He’s already a veteran of three World Cups but centre Adam Ashley-Cooper rates the 2019 Wallabies as “more connected” than in any of his previous campaigns.
And coach Michael Cheika believes some “old school” conditioning torture at their just-completed camp in Noumea is partly to thank for the tight bonds of the Wallabies.
The Wallabies arrived back in Sydney on Thursday after spending ten days on the small Pacific island.
As much as possible, Cheika has been attempting to replicate the successful formula used in 2015 and just as they did in the USA four years ago, the Wallabies underwent a gruelling camp in New Caledonia.
The surface-level goal was to load up on conditioning to have the team in peak condition throughout the World Cup, but as seen with his fondness for stair and hill sprints, Cheika is also a big believer in the unifying powers of shared pain.
And so under the instruction of Wallabies conditioning coach Dean Benton, the World Cup squad - and a group of standby players - were flogged with an not-so-standard array of fitness sessions.
Players were snapped running up stadium bleachers with weights on their shoulders and there were other left-field methods, said Cheika.
"We wanted to just train hard, we did a lot of different things,” Cheika said at Sydney Airport.
"Some very old-school and some new school, I suppose, to mix it up. And kept them guessing I suppose from the very start.
"And it was tough, so recovery was really important, the way the days were done. We had great facilities over there so players were pushed and then we started preparing towards the back end of this week for the game on Saturday.'
Ashley-Cooper attended the 2015 camp at Notre Dame University and said “both were very tough”.
“It was pretty similar in a way where we got to top up a lot of conditioning and classic Cheik pre-Cup kind of format,” Ashley-Cooper said.
"We did plenty of everything. It was extremely tough. It was great to get away as well, to be kind of isolated like that and only a two-and-a-half hour flight away from Sydney, it felt like we were ages away. It actually felt like we were in Europe, being up there in New Caledonia."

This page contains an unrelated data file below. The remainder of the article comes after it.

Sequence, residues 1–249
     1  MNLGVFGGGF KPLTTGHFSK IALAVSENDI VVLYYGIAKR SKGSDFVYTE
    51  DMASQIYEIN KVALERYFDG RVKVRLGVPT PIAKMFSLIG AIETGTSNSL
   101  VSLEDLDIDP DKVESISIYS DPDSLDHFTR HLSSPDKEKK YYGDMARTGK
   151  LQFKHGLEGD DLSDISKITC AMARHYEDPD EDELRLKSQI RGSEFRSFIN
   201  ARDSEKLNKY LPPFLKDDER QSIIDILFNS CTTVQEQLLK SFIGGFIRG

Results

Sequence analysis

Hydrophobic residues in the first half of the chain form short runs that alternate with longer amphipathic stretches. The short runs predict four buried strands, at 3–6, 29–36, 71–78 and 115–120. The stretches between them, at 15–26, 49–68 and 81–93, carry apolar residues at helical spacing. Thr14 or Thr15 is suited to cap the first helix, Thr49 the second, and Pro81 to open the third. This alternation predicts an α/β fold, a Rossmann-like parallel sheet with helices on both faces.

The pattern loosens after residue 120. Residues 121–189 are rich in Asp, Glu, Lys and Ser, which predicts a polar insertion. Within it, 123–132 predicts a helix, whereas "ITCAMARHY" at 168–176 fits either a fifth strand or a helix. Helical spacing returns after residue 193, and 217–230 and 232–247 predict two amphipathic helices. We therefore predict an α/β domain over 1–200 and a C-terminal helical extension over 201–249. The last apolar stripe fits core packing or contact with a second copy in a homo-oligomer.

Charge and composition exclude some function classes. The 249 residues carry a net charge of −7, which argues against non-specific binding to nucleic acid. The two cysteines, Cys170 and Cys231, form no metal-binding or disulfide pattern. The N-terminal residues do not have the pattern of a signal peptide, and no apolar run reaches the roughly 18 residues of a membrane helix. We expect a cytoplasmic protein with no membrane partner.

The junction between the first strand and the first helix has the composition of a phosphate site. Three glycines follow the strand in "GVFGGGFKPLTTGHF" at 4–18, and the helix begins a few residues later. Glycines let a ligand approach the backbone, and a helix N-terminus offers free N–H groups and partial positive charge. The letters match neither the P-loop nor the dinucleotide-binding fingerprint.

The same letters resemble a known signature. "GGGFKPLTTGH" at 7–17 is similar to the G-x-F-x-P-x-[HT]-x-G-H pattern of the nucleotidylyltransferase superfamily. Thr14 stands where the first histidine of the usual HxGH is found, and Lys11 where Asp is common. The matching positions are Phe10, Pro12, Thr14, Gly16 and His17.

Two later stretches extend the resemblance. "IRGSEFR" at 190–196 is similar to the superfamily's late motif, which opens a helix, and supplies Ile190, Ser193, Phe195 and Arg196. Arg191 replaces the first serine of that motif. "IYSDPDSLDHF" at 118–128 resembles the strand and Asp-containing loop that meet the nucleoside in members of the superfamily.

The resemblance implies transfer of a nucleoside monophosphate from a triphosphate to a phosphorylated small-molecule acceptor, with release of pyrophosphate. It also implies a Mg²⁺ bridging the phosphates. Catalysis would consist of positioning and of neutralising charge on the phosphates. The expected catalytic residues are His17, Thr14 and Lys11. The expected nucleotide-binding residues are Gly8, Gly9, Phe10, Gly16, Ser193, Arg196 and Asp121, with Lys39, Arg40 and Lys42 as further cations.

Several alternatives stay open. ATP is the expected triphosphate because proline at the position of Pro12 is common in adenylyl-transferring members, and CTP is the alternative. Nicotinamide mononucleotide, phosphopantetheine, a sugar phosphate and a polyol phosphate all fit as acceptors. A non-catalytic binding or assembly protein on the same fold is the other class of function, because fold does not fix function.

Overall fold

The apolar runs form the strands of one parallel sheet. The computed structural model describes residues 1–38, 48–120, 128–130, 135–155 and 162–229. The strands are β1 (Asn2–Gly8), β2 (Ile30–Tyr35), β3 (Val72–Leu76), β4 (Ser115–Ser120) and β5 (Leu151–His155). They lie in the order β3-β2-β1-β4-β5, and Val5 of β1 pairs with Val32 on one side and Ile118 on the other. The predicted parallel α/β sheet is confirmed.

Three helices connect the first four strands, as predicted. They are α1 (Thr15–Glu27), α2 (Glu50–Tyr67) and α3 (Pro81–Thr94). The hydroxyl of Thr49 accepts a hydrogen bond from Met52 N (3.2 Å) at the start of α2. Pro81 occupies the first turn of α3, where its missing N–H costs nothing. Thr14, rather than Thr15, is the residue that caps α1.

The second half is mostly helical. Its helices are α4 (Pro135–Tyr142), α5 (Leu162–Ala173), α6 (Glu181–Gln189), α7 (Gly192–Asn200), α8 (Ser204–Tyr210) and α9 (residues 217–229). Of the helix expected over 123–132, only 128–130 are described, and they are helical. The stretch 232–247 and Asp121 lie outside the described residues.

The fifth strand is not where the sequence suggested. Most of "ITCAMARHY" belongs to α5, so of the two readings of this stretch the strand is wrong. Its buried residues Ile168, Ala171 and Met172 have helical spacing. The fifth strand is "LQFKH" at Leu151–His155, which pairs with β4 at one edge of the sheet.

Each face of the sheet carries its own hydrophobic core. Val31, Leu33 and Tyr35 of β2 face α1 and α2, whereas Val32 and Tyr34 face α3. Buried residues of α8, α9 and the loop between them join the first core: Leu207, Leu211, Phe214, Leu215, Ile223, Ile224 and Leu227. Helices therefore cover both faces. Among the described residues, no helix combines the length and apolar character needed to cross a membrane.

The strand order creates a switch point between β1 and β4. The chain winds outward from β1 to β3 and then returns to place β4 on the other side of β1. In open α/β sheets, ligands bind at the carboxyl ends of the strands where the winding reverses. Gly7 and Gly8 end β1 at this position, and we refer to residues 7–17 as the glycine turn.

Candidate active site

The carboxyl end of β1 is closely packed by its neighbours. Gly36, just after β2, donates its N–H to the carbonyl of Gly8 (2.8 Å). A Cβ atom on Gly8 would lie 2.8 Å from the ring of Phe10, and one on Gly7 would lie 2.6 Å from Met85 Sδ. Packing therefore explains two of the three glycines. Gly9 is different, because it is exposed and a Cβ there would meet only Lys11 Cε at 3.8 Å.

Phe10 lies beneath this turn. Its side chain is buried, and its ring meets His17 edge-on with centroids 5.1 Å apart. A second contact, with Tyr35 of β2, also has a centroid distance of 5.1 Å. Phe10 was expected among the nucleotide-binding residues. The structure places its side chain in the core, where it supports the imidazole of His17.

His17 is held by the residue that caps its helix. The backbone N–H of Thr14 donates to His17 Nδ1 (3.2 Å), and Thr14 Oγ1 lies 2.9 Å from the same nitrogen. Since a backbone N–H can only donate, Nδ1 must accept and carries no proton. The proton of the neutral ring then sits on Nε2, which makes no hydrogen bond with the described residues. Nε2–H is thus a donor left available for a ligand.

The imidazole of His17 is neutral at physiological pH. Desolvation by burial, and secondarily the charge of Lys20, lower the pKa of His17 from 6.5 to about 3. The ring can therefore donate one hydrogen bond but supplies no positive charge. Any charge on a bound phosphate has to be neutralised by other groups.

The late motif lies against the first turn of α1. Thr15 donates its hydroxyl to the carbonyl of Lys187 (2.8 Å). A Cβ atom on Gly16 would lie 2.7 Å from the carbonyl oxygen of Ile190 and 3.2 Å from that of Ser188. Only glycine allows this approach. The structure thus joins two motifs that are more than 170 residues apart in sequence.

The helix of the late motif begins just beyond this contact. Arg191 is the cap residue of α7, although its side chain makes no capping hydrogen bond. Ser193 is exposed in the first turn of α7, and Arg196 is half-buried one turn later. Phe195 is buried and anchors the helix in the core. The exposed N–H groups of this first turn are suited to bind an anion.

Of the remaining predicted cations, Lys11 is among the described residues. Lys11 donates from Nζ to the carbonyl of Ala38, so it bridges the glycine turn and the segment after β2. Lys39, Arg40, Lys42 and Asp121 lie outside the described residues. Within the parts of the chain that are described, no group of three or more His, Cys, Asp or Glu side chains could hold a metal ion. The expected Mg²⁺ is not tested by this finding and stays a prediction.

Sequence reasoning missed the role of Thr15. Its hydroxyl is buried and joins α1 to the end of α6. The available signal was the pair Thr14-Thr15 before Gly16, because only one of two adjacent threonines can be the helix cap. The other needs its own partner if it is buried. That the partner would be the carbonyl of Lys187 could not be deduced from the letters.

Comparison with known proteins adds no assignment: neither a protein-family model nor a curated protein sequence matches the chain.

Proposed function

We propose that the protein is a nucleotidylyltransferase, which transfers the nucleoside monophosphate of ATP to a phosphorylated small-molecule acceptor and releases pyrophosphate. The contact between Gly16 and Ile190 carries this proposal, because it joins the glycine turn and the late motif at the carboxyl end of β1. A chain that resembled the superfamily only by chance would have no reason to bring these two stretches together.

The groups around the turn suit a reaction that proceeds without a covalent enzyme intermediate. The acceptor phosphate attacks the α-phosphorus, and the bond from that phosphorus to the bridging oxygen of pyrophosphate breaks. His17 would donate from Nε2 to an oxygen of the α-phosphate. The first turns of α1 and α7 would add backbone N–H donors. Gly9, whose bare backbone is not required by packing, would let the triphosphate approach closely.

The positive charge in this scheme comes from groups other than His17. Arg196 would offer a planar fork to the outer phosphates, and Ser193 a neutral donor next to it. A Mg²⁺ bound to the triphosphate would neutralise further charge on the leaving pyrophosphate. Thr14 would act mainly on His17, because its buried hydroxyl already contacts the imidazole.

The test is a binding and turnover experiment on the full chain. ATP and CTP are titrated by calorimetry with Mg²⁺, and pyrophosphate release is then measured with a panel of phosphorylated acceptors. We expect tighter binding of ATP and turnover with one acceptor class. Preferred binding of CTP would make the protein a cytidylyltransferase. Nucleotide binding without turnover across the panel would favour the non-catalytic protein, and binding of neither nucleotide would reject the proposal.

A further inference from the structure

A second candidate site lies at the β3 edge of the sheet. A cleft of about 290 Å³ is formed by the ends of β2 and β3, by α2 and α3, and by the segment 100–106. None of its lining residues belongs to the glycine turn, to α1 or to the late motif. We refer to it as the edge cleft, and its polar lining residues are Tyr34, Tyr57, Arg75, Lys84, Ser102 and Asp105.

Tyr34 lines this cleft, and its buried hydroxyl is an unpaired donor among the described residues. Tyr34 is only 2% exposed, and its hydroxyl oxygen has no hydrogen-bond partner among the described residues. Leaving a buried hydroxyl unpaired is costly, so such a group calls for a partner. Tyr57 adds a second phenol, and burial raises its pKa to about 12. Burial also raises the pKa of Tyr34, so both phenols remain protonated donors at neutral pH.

It might seem unusual to do intense fitness training on the eve of the World Cup but Ashley-Cooper said the benefits of the 2015 camp at Notre Dame were felt at the back end of the tournament, when trainings are usually much lighter to allow for the recovery needed during an unbroken seven-game stretch.
"The last stages I think, we were starting to realise the pre-Cup camp in Chicago (and Notre Dame) really laid a solid foundation for us and allowed us to get to to the end,” he said.
"It was a really good block to top up on those conditioning levels and it out every one in good shape to get to the end and I think that’s what this camp was about.”
The 2015 Wallabies spoke often of having brewed up very tight connections with each other, and Ashley-Cooper said that same kinship - and more - was evident in the 2019 crew.
"I feel that we are much more connected as a group and I am really excited about the potential that this group can achieve up there. It’s really exciting,” he said.
"I am really enjoying the company of the group. We are building a really good culture and I feel there is a deeper desire to do really well. Not only for ourselves and the team, but for our support base back here and our game.”
Asked how he measured the deeper desire, Ashley-Cooper said: "Just the willingness to work really hard. That was on display daily up in New Caledonia. The boys were ripping in, and it was tough. But the guys were stepping up each day, wanting to work really hard and that’s really pleasing.”
Just weeks out from the World Cup, the Wallabies’ trip to Noumea saw them effectively take themselves off the radar and there was very little media access.
But Cheika said the goal was for the team to build those bonds in a secluded location.
"One of the reasons we went over there was to have a distractions-free environment and concentrate on training hard, and we certainly got that,” he said.
"We pushed the boundaries in a lot of areas and I was really pleased both on and off the field, a lot of the team building as well we wanted to do over and building that spirit inside of the team was really good.
"I am really pleased with the way the team has blended together, considering a lot of the things that have happened around us over the last little while (and) last year. We have kept a steady course, a lot of good relationships been built between staff and players and obviously the playing group together.”